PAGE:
Reformatory Trail Paving – What’s Bedford Thinking

September 26, 2022

Social media has spoken and there are a lot of passionate people on both sides as to whether the Reformatory Trail should or shouldn’t be paved. 

A vote will be taken at the Special Town Meeting that will decide whether the project moves forward or not. 

Lost in all the passion is a real sense of what most people believe.  There are lots of good arguments on both sides.

As with all of our polls, this is not scientific by any means. We’re just trying to gauge what our readers think about the project.

So what’s Bedford thinking?  Should the Reformatory Trail be Paved?

Ready to be counted? Vote in the poll until noon next Saturday, You’ll find the poll on The Citizen’s main page, or by scrolling on your phone or tablet.

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Ken Larson
September 27, 2022 11:08 am

The question isn’t, “Should a trail be paved?” The question is, “Should we reject millions of dollars in improvements to infrastructure which provide safety for road users, upgraded drainage and road conditions?” If surfacing and changes to the bikeway extension could be separated from the rest of the project, fine, change the scope of the work. I have reservations about parts of the extension design myself. BUT, I am determined that the improvements to decades-old drainage problems and the addition of the multi-use bikeway and sidewalks on Railroad Avenue are worth the changes to part of that project. If paving the extension is rejected the entire project is rejected. Would those residents against paving be willing to pay from taxes levied only on them for the rest of the improvements we all will lose? The question is not just paving or no paving.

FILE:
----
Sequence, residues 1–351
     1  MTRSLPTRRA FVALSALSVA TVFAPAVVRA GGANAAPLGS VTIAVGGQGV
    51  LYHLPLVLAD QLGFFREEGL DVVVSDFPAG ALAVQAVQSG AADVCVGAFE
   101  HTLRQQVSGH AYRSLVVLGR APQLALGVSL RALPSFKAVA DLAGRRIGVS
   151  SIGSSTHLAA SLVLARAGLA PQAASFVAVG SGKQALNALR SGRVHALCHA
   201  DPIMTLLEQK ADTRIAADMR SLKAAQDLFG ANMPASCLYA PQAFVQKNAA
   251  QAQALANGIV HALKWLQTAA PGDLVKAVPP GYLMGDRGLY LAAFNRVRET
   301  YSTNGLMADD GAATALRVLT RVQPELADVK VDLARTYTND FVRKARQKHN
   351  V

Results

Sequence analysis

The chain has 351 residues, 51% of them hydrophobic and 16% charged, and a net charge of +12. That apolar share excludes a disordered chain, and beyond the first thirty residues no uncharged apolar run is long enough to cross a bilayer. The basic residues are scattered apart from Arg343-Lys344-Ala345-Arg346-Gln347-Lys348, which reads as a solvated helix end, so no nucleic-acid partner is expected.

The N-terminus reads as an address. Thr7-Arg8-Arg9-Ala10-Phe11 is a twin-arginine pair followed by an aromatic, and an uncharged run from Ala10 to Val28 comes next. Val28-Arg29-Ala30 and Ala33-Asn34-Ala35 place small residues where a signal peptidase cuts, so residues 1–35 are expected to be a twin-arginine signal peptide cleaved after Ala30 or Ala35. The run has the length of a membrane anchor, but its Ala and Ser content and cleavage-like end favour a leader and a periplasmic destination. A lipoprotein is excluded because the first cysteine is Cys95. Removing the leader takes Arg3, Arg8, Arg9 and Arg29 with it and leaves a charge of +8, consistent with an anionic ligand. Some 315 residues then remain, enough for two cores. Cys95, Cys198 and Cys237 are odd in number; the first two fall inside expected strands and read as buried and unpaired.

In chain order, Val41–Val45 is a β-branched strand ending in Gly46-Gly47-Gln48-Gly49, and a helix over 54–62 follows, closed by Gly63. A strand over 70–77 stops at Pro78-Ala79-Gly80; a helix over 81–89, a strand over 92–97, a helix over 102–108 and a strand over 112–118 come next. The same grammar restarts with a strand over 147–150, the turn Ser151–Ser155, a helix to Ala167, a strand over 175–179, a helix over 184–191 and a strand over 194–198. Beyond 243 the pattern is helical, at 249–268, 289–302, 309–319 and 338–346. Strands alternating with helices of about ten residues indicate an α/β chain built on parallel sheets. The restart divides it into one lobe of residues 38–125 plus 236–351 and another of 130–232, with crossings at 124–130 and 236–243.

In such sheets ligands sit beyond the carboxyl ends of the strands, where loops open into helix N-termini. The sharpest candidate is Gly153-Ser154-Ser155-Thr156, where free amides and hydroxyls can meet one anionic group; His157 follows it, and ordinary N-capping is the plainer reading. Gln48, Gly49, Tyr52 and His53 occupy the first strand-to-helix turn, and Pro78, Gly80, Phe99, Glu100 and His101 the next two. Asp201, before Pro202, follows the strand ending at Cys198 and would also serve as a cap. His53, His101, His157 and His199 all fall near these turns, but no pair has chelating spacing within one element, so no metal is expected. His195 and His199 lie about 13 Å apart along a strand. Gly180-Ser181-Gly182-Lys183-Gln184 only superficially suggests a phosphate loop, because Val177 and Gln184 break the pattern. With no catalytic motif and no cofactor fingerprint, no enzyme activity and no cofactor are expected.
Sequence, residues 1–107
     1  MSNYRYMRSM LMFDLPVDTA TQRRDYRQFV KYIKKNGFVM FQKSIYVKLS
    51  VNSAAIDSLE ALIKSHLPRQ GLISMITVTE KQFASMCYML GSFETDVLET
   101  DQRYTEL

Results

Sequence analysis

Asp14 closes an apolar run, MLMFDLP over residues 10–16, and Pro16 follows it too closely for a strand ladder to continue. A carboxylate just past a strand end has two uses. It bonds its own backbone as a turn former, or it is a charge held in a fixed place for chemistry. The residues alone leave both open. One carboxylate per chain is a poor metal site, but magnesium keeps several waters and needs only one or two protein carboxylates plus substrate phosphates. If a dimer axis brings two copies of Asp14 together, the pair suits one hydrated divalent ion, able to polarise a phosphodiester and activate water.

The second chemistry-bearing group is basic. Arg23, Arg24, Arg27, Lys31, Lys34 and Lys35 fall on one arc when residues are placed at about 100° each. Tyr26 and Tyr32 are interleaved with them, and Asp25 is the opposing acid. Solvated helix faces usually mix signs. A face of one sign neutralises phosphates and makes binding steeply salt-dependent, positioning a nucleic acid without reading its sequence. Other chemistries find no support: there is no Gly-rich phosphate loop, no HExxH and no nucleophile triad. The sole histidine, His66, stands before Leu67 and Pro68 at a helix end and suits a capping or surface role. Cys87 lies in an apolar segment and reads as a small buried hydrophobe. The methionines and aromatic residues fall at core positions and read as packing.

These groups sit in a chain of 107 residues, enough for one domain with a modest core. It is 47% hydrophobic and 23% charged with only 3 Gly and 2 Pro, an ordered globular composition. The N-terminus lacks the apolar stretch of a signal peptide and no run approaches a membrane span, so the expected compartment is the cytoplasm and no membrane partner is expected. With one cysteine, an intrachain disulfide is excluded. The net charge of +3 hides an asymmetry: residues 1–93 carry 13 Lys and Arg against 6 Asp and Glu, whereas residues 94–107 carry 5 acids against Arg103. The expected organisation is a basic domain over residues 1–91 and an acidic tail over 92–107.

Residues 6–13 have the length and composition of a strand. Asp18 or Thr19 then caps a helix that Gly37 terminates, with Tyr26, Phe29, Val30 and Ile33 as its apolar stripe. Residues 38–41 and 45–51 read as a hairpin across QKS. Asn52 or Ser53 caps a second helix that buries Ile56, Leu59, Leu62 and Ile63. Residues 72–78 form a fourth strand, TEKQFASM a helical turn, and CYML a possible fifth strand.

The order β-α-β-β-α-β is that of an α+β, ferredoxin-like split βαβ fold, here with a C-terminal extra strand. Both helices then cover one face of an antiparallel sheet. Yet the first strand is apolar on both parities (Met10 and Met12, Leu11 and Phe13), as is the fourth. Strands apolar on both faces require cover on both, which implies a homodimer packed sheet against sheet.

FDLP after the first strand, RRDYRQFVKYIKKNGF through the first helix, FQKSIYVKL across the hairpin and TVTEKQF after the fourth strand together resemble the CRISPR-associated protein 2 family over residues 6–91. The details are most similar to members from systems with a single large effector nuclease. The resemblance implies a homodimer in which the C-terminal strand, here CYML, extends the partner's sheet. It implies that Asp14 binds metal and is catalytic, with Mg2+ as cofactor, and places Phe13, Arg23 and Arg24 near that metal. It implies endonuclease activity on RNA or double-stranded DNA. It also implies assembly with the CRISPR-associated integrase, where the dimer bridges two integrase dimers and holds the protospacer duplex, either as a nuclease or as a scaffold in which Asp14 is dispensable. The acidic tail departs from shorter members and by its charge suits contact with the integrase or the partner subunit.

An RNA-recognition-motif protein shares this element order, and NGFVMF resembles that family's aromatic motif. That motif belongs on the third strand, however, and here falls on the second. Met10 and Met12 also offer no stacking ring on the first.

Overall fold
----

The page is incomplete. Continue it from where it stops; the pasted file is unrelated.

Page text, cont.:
Barbara Feldman
September 27, 2022 10:02 am

The air we breathe depends on trees. Some of us like to go fast on asphalt roads, but all of us breathe. And I cannot find anyone, even one person who will ditch their car to ride to work on this proposed Highway to Nowhere.

Mark Bailey
September 28, 2022 3:55 pm

You can’t justify a bridge by counting the number of people swimming across the river. If the extension enables just ONE driver to go car-free, then it will more than offset the lost carbon sequestration potential of the 4.34 acres of trees impacted. Pre-pandemic, I personally biked to Boston daily on the Minuteman while my car rusted in my driveway. It helped me feel like part of the solution, and not part of the problem. I’m privileged to have relatively easy access to the Minuteman because I live on the East side of town. I want more people in our town to have that same opportunity. Learn more about the benefits at

Last edited 1 year ago by Mark Bailey
Barbara Feldman
September 28, 2022 9:40 pm
Reply to  Mark Bailey

Not to mention that asphalt in the sun is 50 degrees plus hotter than asphalt in the shade. I have loved summer walks with my foster dogs, but no longer if it’s paved and shadeless and 132 degrees.

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